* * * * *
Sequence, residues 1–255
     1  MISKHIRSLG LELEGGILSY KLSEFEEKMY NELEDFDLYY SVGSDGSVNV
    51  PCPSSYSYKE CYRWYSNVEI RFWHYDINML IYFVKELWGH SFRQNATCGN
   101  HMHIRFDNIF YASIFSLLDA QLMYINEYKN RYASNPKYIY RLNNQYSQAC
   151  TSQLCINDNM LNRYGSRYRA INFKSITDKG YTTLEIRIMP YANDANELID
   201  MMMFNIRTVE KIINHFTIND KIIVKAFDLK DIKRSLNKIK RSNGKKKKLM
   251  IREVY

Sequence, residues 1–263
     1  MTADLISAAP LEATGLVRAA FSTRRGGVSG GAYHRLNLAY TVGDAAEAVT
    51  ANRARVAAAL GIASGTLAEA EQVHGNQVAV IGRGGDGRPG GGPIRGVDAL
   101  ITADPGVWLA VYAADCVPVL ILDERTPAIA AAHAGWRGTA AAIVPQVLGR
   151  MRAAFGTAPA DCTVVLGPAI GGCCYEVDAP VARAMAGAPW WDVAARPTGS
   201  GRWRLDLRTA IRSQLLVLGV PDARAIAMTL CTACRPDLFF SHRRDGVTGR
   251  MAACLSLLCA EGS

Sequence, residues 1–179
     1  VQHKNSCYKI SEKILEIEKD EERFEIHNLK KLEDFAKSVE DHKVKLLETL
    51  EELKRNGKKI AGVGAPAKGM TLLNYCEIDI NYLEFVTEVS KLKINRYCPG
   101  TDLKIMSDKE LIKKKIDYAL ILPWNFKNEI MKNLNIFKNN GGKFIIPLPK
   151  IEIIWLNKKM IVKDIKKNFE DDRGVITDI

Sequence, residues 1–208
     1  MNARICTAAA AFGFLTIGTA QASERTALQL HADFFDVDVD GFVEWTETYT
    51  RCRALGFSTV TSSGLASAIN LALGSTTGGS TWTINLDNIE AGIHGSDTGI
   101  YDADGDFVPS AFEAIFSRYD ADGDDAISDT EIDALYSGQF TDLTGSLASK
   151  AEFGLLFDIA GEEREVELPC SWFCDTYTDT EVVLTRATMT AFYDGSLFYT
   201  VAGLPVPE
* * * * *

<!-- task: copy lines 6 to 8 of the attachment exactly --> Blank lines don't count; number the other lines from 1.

   201  MMMFNIRTVE KIINHFTIND KIIVKAFDLK DIKRSLNKIK RSNGKKKKLM
   251  IREVY

Sequence, residues 1–263